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Portal:Anime and manga

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Anime and manga portal

Introduction

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Anime (アニメ) refers to the animation style originating in Japan. It is characterized by distinctive characters and backgrounds (hand-drawn or computer-generated) that visually and thematically set it apart from other forms of animation. Storylines may include a variety of fictional or historical characters, events, and settings. Anime is aimed at a broad range of audiences and consequently, a given series may have aspects of a range of genres. Anime is most frequently broadcast on television or sold on DVDs and other media, either after their broadcast run or directly as original video animation (OVA). Console and computer games sometimes also feature segments or scenes that can be considered anime.

Manga (漫画) is Japanese for "comics" or "whimsical images". Manga developed from a mixture of ukiyo-e and Western styles of drawing, and took its current form shortly after World War II. Manga, apart from covers, is usually published in black and white but it is common to find introductions to chapters to be in color, and is read from top to bottom and then right to left, similar to the layout of a Japanese plain text. Financially, manga represented in 2005 a market of ¥24 billion in Japan and one of $180 million in the United States. Manga was the fastest growing segment of books in the United States in 2005.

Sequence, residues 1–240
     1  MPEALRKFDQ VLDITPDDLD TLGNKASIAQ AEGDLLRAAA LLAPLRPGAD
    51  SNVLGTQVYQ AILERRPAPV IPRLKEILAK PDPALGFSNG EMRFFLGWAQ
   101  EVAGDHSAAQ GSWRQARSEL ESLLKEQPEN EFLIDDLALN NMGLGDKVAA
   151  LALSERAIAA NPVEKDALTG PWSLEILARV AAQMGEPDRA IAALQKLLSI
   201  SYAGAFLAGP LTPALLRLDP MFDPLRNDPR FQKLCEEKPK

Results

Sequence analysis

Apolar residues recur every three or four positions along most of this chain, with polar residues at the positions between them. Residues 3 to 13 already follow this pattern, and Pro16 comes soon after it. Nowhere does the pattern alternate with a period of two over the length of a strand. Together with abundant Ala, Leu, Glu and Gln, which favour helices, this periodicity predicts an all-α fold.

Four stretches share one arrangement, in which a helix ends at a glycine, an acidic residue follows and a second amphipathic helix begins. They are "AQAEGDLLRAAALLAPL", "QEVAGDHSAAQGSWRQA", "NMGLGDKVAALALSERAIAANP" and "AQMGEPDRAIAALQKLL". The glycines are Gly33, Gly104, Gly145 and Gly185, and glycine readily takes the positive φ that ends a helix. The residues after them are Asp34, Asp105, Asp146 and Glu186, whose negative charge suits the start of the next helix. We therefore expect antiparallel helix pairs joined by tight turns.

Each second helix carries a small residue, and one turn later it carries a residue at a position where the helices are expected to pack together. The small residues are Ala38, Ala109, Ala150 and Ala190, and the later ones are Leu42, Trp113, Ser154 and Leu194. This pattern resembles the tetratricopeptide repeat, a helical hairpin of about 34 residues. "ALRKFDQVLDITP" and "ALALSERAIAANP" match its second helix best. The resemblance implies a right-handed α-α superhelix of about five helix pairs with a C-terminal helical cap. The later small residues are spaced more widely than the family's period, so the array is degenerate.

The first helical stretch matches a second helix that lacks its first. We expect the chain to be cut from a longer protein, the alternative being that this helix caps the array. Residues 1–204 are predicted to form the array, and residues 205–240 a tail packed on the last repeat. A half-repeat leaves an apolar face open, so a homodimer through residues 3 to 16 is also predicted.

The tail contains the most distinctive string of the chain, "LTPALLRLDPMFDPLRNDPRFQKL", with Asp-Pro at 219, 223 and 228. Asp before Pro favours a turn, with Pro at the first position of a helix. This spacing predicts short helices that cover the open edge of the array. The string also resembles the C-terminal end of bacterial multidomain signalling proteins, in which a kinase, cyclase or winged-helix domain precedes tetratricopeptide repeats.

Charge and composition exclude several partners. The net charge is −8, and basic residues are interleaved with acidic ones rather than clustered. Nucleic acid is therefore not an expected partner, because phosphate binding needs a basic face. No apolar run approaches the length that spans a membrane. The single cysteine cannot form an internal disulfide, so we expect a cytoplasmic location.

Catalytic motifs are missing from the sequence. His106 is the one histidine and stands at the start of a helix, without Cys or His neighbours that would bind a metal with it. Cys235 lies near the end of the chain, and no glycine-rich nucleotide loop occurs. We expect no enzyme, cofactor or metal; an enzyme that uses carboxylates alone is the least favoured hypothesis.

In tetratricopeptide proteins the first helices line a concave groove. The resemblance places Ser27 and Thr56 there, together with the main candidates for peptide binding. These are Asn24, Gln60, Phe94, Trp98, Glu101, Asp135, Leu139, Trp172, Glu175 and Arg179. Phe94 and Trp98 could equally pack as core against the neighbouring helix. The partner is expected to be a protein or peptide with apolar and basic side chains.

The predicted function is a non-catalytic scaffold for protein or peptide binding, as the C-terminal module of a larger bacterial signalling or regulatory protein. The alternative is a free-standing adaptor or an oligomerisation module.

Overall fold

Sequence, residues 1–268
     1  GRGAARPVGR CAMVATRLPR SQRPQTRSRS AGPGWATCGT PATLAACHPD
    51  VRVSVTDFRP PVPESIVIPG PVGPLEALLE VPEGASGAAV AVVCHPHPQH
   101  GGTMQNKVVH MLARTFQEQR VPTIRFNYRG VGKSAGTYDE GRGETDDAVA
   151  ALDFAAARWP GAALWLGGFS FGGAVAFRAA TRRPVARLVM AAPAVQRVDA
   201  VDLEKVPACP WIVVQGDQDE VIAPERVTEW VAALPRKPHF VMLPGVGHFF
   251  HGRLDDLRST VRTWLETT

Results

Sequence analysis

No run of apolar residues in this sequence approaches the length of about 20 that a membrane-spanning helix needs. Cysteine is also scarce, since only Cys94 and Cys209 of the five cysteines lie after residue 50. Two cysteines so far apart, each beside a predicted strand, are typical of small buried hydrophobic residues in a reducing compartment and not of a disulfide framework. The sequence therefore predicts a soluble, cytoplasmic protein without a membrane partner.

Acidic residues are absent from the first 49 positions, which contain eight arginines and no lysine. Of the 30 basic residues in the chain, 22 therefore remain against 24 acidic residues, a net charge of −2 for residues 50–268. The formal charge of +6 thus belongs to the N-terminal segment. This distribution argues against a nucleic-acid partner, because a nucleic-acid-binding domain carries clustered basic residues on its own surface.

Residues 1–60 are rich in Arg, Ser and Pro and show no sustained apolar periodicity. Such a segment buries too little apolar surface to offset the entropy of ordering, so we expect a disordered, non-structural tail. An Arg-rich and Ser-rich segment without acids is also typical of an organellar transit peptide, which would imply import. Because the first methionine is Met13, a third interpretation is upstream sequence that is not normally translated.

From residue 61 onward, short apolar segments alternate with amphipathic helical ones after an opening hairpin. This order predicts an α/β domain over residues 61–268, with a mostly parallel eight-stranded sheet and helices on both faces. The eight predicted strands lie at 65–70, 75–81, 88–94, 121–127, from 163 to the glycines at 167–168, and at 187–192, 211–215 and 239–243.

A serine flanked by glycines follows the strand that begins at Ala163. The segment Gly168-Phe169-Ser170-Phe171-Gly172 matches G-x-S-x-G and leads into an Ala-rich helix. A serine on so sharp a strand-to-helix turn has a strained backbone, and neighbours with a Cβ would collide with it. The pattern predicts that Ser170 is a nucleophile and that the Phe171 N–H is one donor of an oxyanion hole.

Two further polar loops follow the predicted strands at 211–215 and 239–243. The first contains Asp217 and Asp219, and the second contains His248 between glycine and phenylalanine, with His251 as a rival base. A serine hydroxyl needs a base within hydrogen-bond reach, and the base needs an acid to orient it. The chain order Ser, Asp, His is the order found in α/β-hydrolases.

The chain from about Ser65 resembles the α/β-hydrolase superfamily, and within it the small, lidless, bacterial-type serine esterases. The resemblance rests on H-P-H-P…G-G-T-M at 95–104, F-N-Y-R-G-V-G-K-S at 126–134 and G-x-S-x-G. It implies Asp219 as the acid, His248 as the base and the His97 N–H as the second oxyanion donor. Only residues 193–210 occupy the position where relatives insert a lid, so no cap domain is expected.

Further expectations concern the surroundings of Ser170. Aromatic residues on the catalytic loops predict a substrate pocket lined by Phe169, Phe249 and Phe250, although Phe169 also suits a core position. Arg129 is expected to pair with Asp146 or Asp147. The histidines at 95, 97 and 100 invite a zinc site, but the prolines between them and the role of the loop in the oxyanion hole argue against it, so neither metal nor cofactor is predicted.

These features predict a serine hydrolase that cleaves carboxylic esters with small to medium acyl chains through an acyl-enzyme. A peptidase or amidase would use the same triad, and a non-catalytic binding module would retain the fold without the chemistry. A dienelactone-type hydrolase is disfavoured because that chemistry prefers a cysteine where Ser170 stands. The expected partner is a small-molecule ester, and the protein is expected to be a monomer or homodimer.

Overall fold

Anime and manga share many characteristics, including: exaggerating (in terms of scale) of physical features, to which the reader presumably should pay most attention (best known being "large eyes"), "dramatically shaped speech bubbles, speed lines and onomatopoeic, exclamatory typography..." Some manga, a small amount of the total output, is adapted into anime, often with the collaboration of the original author. Computer games can also give rise to anime. In such cases, the stories are often compressed and modified to fit the format and appeal to a wider market. Popular anime franchises sometimes include full-length feature films, and some have been adapted into live-action films and television programs.

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YuYu Hakusho is a Japanese manga series written and illustrated by Yoshihiro Togashi. The series tells the story of Yusuke Urameshi, a teenage delinquent who is struck and killed by a car while attempting to save a child's life. After a number of tests presented to him by Koenma, the son of the ruler of the afterlife Underworld, Yusuke is revived and appointed the title of "Underworld Detective", with which he must investigate various cases involving demons and apparitions in the human world. The manga becomes more focused on martial arts battles and tournaments as it progresses. Togashi began creating Yu Yu Hakusho around November 1990, basing the series on his interests in the occult and horror films and an influence of Buddhist mythology.